Venture capital (VC) funding (including private equity and corporate venture capital) for Smart Grid companies doubled with $222 million in 15 deals compared to $110 million in 14 deals in Q1 2016. Year-over-year (YoY), funding also doubled compared to Q2 2015 when $104 million was raised in 18 deals.
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The top VC funded Smart Grid related technology companies included Vivint Smart Home, which raised $100 million from tech investor Peter Thiel and investment firm Solamere Capital; ChargePoint, which raised $50 million from Linse Capital, Braemar Energy Ventures, Constellation Energy, Statoil Energy Ventures, Envision Ventures, Jan Klatten, Michael Liebreich, and Rick Wagoner; AutoGrid Systems, which raised $20 million from a consortium of global investors including Energy Impact Partners, Envision Ventures, Envision Energy and E.ON; Origami Energy, which brought in $19.5 million from Cambridge Innovation Capital, Octopus Ventures, and Fred Olsen-related companies; and lastly Comfy secured $12 million in funding from Emergence Capital, CBRE Group, Microsoft Ventures, Claremont Creek Ventures, and Westly Group.
There were 46 VC investors that participated in Smart Grid deals in Q2 2016 compared to 22 in Q1 2016. Smart Grid Communication technologies, including Home Automation, had the largest share of VC funding with $123 million, a substantial increase from the $31 million raised in four deals in Q1 2016.
There was one debt financing deal announced in the second quarter of 2016 for $3 million, compared to $214 million in two debt & public market financing deals in the previous quarter.
There were three M&A transactions for Smart Grid technologies in Q2 2016 (one disclosed) compared to two transactions (one disclosed) in Q1 2016.
VC funding for Battery/Storage companies doubled with $125 million in 10 deals in Q2 2016 compared to $54 million in 10 deals in the previous quarter. Year-over-year funding in Q2 2016 was in line with Q2 2015, which had $126 million in 13 deals.
VC funding in Q2 2016 was spread across six Battery/Storage sub-technologies: lithium-ion batteries, sodium-based batteries, energy storage systems, lead-based batteries, energy storage management software and thermal energy storage.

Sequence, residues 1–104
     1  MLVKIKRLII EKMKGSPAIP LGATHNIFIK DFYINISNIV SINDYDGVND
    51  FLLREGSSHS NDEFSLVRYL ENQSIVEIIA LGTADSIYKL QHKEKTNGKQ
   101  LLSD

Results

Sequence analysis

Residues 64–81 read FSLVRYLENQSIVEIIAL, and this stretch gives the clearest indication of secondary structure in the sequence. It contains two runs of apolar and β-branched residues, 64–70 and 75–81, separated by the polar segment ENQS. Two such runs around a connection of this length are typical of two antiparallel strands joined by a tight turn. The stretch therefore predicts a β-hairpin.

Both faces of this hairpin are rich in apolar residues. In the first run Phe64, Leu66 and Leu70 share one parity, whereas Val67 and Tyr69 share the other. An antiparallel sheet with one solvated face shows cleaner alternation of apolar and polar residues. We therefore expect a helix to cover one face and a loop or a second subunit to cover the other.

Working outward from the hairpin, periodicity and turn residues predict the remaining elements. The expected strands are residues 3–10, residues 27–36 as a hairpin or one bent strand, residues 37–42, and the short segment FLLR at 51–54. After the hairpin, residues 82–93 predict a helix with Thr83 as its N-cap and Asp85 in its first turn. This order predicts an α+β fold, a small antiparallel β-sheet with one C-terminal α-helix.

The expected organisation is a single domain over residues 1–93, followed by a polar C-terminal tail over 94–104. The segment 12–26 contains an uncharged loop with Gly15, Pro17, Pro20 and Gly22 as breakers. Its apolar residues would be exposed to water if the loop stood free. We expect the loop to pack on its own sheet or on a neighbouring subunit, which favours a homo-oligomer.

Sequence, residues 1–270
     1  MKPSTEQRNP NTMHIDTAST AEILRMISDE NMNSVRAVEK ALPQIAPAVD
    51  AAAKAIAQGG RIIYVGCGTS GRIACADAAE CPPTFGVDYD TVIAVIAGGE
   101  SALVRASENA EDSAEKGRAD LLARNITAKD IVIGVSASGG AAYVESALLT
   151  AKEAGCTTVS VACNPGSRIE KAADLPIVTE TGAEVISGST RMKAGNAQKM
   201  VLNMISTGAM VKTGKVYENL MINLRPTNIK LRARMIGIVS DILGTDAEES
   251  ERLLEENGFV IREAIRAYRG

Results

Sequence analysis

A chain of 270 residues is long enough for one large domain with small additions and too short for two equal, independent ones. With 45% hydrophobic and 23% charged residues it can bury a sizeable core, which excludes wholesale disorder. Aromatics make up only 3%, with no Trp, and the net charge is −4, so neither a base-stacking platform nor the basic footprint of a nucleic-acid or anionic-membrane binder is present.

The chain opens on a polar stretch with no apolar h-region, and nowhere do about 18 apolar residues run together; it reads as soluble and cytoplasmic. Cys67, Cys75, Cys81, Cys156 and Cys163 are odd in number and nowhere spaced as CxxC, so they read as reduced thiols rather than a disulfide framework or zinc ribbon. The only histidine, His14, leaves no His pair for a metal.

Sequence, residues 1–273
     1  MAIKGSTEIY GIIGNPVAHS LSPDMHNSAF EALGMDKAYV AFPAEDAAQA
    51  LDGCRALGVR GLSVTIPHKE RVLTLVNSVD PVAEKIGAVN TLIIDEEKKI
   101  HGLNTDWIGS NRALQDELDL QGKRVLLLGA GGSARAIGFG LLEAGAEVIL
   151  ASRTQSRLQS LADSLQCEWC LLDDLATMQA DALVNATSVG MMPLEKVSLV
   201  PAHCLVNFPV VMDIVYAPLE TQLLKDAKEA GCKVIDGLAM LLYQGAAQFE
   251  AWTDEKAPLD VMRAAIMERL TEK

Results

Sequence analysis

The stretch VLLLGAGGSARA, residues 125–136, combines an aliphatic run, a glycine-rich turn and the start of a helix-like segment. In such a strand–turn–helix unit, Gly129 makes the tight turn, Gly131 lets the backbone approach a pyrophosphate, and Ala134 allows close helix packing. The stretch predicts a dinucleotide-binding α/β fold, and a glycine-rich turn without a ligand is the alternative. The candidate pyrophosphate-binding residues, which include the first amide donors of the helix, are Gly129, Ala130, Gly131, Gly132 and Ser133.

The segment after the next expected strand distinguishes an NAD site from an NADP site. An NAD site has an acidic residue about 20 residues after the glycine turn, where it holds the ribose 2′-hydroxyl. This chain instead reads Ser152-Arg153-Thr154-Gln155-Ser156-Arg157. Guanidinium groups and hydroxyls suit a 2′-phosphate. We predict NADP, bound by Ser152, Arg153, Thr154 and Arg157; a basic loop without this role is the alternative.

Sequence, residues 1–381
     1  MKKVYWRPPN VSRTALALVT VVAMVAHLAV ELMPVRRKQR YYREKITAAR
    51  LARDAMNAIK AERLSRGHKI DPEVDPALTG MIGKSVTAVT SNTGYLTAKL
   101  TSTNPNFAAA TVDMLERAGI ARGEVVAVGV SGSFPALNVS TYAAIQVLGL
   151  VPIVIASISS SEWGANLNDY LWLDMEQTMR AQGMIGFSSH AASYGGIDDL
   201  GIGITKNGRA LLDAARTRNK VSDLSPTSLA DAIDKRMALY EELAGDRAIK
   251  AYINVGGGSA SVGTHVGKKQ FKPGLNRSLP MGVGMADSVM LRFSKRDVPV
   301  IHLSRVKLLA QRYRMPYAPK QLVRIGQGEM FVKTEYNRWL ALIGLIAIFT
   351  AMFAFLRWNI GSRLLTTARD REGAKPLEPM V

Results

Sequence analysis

The Top 5 Battery/Storage VC funding deals were: Nexeon with $43.3 million from PUK Ventures, Imperial Innovations, Invesco Perpetual, Wacker Chemie and Woodford Investment Management; Aquion Energy with $33 million; Stem with $15 million from Mithril Capital Management, Greenvision Technologies (brand name Relicell) with $8 million from Vintage Energy & Resources; and Silatronix with $8 million from Hitachi Chemical and Inabata.
Twenty investors participated in Battery and Storage funding in Q2 2016 compared to eight in Q1 2016. Lithium-ion Battery companies raised the most funding with $51.3 million in three deals.
Announced debt and public market financing for Battery/Storage technologies came to $65 million in two deals in the second quarter of 2016, compared to $28.5 million in two deals in Q1 2016. Plug Power and FuelCell Energy closed on a long-term loan facility for $40 million and $25 million respectively with Hercules Capital.
There were four M&A transactions for Battery/Storage companies in Q2 2016 two of which disclosed financial details. In Q1 2016, there were two M&A transactions, neither disclosed transaction details. The largest M&A deal in the second quarter of 2016 was the $1.1 billion acquisition of Saft by Total.
There was a sharp decline in VC funding for Energy Efficiency technology companies in Q2 2016 with $86 million in nine deals compared to $211 million in 14 deals in Q1 2016. In a YoY comparison, VC funding for Efficiency companies in Q2 2015 was $211 million with twice as many deals with 18.
The top VC funded company in Q2 2016 was Thermondo which raised over $25.6 million in funding from: Global Founders Capital, E.ON, Holtzbrinck Ventures, IBB, and Picus Capital, followed by tado° which raised $23 million in funding from Inven Capital, Electric Imp which raised $21 million in funding from Rampart Capital and Redpoint Ventures and Kyulux which raised $13.5 million from Samsung Venture Investment, Samsung Display, LG Display, Japan Display, JOLED, top tier Japanese venture capital funds and a Japanese government affiliated venture fund.
Eighteen investors participated in Energy Efficiency VC deals in Q2 2016 compared to 31 in the previous quarter.
Announced debt and public market financing in the Efficiency category peaked in the second quarter of 2016 with $1.75 billion in seven deals. In Q1 2016 there were two debt deals for $238 million.
There was one initial public offering (IPO) in the Efficiency category by Philips Lighting, which accounted for $959 million.
In Q2 PACE Financing totaled $762 million including $512 million in PACE Securitization deals from three transactions. Top deals included the $305.3 million raised by Renovate America, through its seventh securitization of PACE bonds; $250 million credit facility secured by Ygrene Energy Fund to support the expansion of its PACE program investments and $123 million raised by Renew Financial through its second securitization of residential PACE bonds.
M&A transactions in the Efficiency sector doubled in the second quarter of 2016 with seven transactions (three disclosed) compared to three transactions in Q1 2016 of which only one disclosed details. The top deal was the $532 million acquisition of Opower by Oracle. Another notable deal was the merger of Dividend Solar and Figtree Financing.
Image credit “Energy Storage System” (CC BY-ND 2.0) by portland general